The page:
“Republicans went nuts” when an intelligence official told Congress that Russia was siding with Trump in the election—again. Then Trump tapped a political ally as his top spy.
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Russia Is Helping Elect Trump Again, Intel Official Says
Feb. 20, 2020 6:04 PM ET
Intelligence officials briefed House lawmakers last week that Russian actors were interfering in the 2020 elections, once more to the benefit of Donald Trump. The contents of the briefing, which was first reported by The New York Times, sparked a series of dramatic events that have further eroded relations between Hill Democrats and the White House, and prompted the president—it appears—to appoint a top political ally to oversee the nation’s national security apparatus.
The meeting, which took place on February 13, was conducted for the House Intelligence Committee by an aide to outgoing acting director of national intelligence, Joseph Maguire. According to a legislator who was present, the aide, Shelby Pierson, Maguire’s election security chief, described a Russian elections-intrusion effort that never stopped from 2016.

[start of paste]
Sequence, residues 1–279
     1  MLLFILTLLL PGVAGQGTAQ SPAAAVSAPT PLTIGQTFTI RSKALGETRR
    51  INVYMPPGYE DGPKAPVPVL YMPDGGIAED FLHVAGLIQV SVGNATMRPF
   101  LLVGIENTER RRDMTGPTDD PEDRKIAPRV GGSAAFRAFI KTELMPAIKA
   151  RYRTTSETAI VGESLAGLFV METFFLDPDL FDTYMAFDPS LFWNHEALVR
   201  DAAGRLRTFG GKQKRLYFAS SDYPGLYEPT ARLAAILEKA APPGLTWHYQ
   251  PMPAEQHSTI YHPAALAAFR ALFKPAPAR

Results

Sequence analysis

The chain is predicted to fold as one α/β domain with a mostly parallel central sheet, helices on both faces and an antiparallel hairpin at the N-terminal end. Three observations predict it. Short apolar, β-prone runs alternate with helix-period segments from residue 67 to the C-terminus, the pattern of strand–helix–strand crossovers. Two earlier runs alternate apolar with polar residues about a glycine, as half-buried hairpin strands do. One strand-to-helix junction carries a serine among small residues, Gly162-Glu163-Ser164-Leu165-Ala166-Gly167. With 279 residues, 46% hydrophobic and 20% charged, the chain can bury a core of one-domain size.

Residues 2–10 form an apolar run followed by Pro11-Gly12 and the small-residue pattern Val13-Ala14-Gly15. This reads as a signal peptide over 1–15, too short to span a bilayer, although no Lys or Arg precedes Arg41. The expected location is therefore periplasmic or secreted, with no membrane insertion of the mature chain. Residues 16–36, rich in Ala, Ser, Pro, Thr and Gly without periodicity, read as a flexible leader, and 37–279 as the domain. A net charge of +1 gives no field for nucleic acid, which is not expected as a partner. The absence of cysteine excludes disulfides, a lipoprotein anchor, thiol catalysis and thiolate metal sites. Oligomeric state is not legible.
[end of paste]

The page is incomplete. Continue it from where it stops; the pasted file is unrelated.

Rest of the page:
“It continues with the same target, and the same purpose, and it’s clear that they [the Russians] favor one candidate over the other,” is how the lawmaker described it.
“The Republicans [on the committee] went nuts,” over Pierson’s presentation, the member told The Daily Beast. A second source familiar with the briefing said that Republicans didn’t understand why the Kremlin would try to boost Trump, since he had been so tough on Russia, in their view. Reps. Brad Wenstrup (R-OH), Will Hurd (R-TX) and Chris Stewart (R-UT)—who according to The Times, has been a Trump favorite to replace Maguire—were particularly vocal in their skepticism, the member said. A spokesperson for Wenstrup said the congressman does not comment on classified or closed-door matters before the Intelligence Committee. Spokespersons for Stewart and Hurd did not immediately respond to a request for comment.